TBILISI, DFWatch–Georgia’s National Security Council (NSC) has turned down an offer to use the residence on Atoneli Street as office.
The residence used to house the U.S. embassy, but was refurbished to be used for the president’s office. This, however, was rejected by the president’s administration, and now the NSC follows suit.
The head of the government’s administration told journalists on Thursday that the government asked the NSC in November, 2014, to move out of the government’s administration office. In July, they asked the NSC to move into the Atoneli residence. First, NSC Secretary Irina Imerlishvili agreed to this.
“But unfortunately, after [ownership of] this building has been transferred, Irina Imerlishvili sent a rejection letter about moving into this building. The reason was that the building doesn’t comply with the necessary requirements,” Maia Tskitishvili said.
This argument seems a bit vague, she continued, because everybody knows that the building is ready, filled with furniture, and waiting to be moved into.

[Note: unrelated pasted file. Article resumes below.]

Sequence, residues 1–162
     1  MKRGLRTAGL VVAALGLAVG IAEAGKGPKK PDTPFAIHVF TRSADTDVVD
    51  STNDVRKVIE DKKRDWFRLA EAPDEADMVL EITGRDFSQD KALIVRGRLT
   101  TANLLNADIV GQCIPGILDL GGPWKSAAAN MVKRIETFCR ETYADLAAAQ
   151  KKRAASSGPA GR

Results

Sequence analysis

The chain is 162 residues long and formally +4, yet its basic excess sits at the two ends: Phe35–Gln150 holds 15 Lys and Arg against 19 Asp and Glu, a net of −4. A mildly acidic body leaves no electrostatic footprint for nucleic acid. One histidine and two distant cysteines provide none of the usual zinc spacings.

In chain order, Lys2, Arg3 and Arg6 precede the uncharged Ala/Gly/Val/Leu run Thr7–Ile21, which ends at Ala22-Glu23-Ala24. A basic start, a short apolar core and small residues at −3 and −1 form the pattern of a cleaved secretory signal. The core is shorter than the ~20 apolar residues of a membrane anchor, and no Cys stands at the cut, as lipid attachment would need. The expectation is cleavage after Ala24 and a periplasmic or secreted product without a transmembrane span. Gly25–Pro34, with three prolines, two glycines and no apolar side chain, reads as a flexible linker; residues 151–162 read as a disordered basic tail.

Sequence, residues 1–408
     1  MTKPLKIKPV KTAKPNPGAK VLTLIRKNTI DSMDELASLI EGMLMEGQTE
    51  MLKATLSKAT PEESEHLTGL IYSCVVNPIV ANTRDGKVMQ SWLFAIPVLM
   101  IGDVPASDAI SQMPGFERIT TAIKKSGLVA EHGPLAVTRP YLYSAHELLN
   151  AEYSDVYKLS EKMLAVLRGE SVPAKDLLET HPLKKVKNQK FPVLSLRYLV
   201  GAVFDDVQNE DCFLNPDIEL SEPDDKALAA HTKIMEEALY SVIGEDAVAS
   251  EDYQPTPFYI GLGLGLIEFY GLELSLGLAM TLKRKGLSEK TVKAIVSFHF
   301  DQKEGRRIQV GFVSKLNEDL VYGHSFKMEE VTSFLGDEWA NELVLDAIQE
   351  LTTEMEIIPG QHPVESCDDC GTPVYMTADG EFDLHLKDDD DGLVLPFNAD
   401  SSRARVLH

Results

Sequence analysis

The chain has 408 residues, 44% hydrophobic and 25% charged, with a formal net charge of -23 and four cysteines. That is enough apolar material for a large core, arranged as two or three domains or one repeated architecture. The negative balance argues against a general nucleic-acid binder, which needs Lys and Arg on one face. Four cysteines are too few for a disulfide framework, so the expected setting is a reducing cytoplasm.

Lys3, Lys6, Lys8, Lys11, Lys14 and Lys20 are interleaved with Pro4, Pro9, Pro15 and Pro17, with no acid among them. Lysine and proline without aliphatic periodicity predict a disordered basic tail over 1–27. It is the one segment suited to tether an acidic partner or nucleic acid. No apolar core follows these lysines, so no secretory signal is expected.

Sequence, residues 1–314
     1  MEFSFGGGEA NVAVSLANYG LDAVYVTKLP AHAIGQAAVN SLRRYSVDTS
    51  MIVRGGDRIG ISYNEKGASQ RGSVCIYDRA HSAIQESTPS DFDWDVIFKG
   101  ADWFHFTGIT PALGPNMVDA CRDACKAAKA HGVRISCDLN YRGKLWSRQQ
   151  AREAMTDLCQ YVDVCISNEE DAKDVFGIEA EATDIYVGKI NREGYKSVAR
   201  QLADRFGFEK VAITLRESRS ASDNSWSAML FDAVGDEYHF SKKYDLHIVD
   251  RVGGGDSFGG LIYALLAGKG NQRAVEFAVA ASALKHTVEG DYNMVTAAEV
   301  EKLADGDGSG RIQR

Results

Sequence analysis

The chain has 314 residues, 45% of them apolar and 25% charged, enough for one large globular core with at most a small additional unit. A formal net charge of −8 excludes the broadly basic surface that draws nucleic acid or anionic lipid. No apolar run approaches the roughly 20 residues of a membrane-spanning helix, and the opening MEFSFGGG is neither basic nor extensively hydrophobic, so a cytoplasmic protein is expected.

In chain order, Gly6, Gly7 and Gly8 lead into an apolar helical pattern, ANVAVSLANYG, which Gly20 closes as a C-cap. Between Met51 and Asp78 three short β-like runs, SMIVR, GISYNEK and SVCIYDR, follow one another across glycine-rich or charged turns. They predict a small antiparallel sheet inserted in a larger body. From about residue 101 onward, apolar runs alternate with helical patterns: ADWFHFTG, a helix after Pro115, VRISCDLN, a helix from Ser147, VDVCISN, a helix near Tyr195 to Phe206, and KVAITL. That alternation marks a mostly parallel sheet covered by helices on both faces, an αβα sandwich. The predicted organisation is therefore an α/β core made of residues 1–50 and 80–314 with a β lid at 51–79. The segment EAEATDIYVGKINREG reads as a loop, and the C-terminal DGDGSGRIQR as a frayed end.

When the new government first began refurbishing the Atoneli residence, the idea was to use it for president’s residence, but Giorgi Margvelashvili rejected this, arguing that the infrastructure is not proper for the activities of a president.
Margvelashvili’s first bold move after assuming office was when he decided to move into the presidential palace in Avlabari, which was built by his predecessor, Mikheil Saakashvili.
After Margvelashvili refused to move into the Atoneli residence, the government considered selling the building to private interests, but later decided that it cannot be sold, because it is designed for public use.
The problem now persists, but it is unclear which government body will move in there.